In Florida, not all statements are admissible into evidence. The presence of admissibility rules is not a clear win or loss for the typical criminal defendant — both the prosecution and the criminal defendant must navigate the complexities of the rules of evidence and take steps to ensure that evidence favorable to their case is admitted, and take steps to ensure that evidence unfavorable to their case is deemed inadmissible. To a degree, the evidence “game” could be considered the critical phase in determining each side’s eventual success at trial.
Hearsay statements are generally inadmissible in Florida criminal cases, though there are a number of different exceptions. What are hearsay statements? According to section 90.801 of the Florida Statutes, a hearsay statement is an oral or written assertion made out-of-court that is offered in evidence to prove the truth of the matter asserted in the statement itself. For example, if a person shouts out “Tim is the perpetrator,” during a crime, then such a statement would likely constitute hearsay if it were being brought into evidence to show that Tim is in fact the perpetrator.
So, what hearsay statements are actually admissible into criminal evidence? The Florida rules of evidence provide ample guidance. Consider the following (this list is non-exhaustive).
Spontaneous statements made during the perception of the event at-issue (or immediately afterwards) may be allowed, unless there is specific reason to believe that the statements are not trustworthy.
When an event is startling or exciting in some way, then a statement made during the experience of such excitement — such as an exclamation of fear — may be allowed into evidence, as there is no legitimate reason to question the truthfulness of such an utterance. For example, the prosecution may attempt to bring in evidence that the victim shouted for help to indicate that the victim felt fear and was threatened by the defendant. If the court deems the statement to fall under the “excited utterances” exception, it may be admitted into evidence.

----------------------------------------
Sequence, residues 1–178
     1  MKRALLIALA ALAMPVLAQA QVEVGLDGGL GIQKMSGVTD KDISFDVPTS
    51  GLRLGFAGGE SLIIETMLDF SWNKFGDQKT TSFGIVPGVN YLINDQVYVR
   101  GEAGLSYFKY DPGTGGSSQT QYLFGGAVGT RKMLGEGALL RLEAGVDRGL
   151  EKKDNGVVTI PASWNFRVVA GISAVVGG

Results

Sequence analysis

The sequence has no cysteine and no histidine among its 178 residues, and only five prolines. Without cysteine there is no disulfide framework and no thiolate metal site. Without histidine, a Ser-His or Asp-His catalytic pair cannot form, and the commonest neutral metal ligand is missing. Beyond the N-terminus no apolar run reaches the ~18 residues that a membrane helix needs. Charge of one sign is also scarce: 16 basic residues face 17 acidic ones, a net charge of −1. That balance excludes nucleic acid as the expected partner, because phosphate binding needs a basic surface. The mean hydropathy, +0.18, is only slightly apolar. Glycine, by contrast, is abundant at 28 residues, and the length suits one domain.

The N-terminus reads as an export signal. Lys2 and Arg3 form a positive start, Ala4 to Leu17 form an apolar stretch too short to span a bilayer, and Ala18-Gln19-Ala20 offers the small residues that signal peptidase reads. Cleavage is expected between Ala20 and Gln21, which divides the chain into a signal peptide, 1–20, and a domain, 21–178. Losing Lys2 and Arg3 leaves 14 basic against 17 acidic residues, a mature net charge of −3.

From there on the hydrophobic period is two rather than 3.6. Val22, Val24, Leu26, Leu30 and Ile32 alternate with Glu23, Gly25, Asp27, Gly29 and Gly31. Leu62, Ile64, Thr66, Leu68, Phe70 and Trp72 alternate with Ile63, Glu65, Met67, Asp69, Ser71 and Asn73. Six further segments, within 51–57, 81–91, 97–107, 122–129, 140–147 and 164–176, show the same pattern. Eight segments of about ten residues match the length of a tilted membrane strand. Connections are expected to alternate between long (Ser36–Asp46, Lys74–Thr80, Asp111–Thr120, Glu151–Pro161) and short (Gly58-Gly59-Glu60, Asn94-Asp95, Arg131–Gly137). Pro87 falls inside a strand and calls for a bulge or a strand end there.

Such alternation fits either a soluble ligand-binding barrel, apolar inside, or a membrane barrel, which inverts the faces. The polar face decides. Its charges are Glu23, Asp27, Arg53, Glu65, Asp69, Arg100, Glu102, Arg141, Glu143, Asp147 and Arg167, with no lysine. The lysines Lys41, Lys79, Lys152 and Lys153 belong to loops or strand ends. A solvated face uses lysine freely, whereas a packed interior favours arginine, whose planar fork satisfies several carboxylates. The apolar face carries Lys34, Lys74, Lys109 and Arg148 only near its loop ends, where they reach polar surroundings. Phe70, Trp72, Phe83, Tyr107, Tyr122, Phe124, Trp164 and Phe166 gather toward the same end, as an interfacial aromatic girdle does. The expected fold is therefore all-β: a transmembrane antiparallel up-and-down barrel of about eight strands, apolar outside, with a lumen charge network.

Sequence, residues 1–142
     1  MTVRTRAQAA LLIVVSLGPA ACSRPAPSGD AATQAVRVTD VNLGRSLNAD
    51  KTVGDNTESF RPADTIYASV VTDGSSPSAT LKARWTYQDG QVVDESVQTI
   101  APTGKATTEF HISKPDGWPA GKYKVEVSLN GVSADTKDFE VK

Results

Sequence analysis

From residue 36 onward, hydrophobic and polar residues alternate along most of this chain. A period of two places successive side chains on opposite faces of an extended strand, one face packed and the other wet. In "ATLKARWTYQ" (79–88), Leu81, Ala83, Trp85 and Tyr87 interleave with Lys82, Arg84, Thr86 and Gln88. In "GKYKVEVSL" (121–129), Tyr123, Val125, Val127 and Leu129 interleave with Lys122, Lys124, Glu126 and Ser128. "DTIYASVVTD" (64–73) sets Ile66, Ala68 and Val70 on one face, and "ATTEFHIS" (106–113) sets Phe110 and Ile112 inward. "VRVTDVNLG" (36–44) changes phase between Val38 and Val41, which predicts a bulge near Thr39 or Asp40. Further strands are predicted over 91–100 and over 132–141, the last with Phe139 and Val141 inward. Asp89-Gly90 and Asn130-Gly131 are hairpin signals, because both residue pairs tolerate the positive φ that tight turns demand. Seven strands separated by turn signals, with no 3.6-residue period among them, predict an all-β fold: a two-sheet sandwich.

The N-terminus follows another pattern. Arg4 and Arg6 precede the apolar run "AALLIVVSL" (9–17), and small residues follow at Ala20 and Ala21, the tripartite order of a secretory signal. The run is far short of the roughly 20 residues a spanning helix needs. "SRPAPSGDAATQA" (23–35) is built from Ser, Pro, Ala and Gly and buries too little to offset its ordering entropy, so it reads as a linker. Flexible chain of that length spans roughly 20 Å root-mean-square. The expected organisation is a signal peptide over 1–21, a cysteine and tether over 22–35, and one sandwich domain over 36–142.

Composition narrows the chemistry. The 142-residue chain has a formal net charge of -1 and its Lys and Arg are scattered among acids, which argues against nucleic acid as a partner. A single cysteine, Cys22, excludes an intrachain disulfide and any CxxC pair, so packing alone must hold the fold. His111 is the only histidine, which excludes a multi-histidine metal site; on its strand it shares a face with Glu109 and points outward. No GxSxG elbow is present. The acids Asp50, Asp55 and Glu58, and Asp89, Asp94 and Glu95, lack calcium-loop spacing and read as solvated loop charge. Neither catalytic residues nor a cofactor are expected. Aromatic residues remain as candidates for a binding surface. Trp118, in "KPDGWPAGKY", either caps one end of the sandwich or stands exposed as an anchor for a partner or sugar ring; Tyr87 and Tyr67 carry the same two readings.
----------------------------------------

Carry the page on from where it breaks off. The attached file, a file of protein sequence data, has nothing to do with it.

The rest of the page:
Records, reports, and statements that belong to the public record fall within a broad hearsay exception. For example, if there was a statement made by the defendant in the public record, then such statement may be brought into evidence (assuming that it has some sort of probative value and is not unreasonably prejudicial).
As a criminal defendant in Florida, it’s critical that you do not admit to any fault. Florida rules of evidence allow statements to be introduced into evidence where the defendant admits to (or even apologizes for) the commission of the crime at-issue. For example, suppose that you are a defendant in an assault and battery case. At the time of the incident, you told the victim that you’re sorry for attacking them. Such a statement would likely be allowed into evidence.
Statements for Medical Treatment
Statements made by any part for the purpose of medical treatment and diagnosis can be brought in, but what evidence is allowed may be limited. For example, if the victim is attacked, their statements indicating that they were attacked may be allowed into evidence, but their statements indicating that they were attacked by the defendant may be inadmissible.
If you’ve been charged with or if you believe that you may be charged with a crime, call (941) 900-3100 as soon as possible to speak with experienced Sarasota criminal defense attorneys at the Fowler Law Group today. We look forward to speaking with you.